Global Overview January 11, 2016
“China Drags Down Markets.” This was the lead headline in the Wall Street Journal last Friday, January 8th that said it all. Global markets from the get-go this year were pounded by mostly panic selling. It was compounded by technical issues in the marketplace although fundamentals were largely stable. Given what had happened late last summer in China, everyone was tracking intensely what was going on in the Shanghai market. Those fears quickly broadened to a focus on the yuan, the Chinese currency, and a concern about Beijing’s diminishing foreign currency reserves. However, as we pointed out earlier, these reserves still stand at $3.3 trillion at the end of last year. I think in large part due to the current focus on outflows and the possible pressure of further devaluation of the yuan, the PBOC through our old friend Ma Jun who is currently the chief economist of its Research Bureau, stated that China should fix the yuan to a basket of currencies rather than a single one which is the dollar. Beijing’s quick response suggests that the Chinese are now much more attuned to market sentiment and is reacting correspondingly.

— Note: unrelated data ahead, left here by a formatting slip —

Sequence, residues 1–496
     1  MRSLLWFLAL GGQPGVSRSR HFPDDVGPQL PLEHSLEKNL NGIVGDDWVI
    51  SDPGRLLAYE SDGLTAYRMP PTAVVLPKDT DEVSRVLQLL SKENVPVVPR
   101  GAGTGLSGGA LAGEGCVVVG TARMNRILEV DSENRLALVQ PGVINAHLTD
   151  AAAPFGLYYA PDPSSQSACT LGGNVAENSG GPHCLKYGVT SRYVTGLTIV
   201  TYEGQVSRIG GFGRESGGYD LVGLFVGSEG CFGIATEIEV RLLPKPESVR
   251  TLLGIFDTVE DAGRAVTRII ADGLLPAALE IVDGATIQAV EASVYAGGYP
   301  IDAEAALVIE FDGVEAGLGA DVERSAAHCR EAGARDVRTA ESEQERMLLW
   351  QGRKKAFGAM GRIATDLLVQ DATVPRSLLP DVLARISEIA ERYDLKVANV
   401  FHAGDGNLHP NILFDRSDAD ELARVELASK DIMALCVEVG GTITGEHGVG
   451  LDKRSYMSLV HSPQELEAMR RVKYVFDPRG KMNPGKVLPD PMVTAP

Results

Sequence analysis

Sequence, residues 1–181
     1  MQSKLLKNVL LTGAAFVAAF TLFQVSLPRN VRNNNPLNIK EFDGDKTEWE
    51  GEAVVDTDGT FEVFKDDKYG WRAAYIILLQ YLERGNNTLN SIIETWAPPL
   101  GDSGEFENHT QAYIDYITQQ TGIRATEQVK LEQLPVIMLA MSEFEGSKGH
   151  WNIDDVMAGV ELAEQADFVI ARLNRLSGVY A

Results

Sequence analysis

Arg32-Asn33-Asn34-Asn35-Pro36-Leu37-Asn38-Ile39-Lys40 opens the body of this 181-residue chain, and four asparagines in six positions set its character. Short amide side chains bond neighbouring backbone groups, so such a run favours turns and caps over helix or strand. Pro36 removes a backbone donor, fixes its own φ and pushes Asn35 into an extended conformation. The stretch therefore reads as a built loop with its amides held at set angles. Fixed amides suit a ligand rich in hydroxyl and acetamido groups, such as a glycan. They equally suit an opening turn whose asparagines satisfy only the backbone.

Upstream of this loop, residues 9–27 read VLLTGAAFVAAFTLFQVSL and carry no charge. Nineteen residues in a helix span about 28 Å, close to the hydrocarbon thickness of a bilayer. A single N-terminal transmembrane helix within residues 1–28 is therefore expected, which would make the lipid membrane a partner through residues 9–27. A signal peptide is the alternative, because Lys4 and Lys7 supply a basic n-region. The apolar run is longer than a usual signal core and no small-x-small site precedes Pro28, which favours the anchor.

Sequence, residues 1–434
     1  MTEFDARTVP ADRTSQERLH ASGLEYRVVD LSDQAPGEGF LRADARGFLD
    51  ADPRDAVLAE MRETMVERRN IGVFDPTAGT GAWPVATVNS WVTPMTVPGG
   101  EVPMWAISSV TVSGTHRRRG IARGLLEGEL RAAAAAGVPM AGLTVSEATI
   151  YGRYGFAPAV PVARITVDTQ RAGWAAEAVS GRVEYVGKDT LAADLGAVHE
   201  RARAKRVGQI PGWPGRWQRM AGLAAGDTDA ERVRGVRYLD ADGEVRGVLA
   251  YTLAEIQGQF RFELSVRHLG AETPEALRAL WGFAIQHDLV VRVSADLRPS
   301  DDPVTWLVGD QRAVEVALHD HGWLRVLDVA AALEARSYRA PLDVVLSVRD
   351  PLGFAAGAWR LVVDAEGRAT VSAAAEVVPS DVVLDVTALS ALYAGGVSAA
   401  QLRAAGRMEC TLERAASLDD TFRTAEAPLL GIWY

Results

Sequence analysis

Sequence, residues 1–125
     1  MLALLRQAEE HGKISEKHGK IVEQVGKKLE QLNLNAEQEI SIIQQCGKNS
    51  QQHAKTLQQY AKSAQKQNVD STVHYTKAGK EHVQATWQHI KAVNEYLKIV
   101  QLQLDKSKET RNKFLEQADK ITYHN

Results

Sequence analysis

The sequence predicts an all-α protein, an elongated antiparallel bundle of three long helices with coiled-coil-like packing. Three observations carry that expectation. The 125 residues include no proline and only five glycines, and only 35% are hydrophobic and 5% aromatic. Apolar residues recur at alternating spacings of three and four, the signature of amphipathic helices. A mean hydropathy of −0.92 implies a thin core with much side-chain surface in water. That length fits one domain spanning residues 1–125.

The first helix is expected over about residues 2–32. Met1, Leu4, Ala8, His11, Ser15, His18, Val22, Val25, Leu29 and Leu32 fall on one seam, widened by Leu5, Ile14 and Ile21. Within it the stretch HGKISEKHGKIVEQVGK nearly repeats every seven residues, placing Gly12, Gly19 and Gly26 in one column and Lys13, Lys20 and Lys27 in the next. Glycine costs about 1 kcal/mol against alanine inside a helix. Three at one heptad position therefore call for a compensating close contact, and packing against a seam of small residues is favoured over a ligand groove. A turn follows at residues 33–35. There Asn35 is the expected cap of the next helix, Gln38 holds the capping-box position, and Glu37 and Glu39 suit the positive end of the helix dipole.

Last year, the US stock market reacted negatively every time there was a hint of the normalization of interest rates by the Fed. From that perspective, the bad news is out of the way since Chair Yellen’s announcement. However, the Fed has openly professed for us to expect four rate hikes this year. In a way this has put the sword of Damocles back over our heads and resurrects the great debate as to whether good news is good news or whether it is not. Under this scenario, good news may likely accelerate the prospect of rate hikes whereas bad news may likely delay hikes which will be viewed constructively!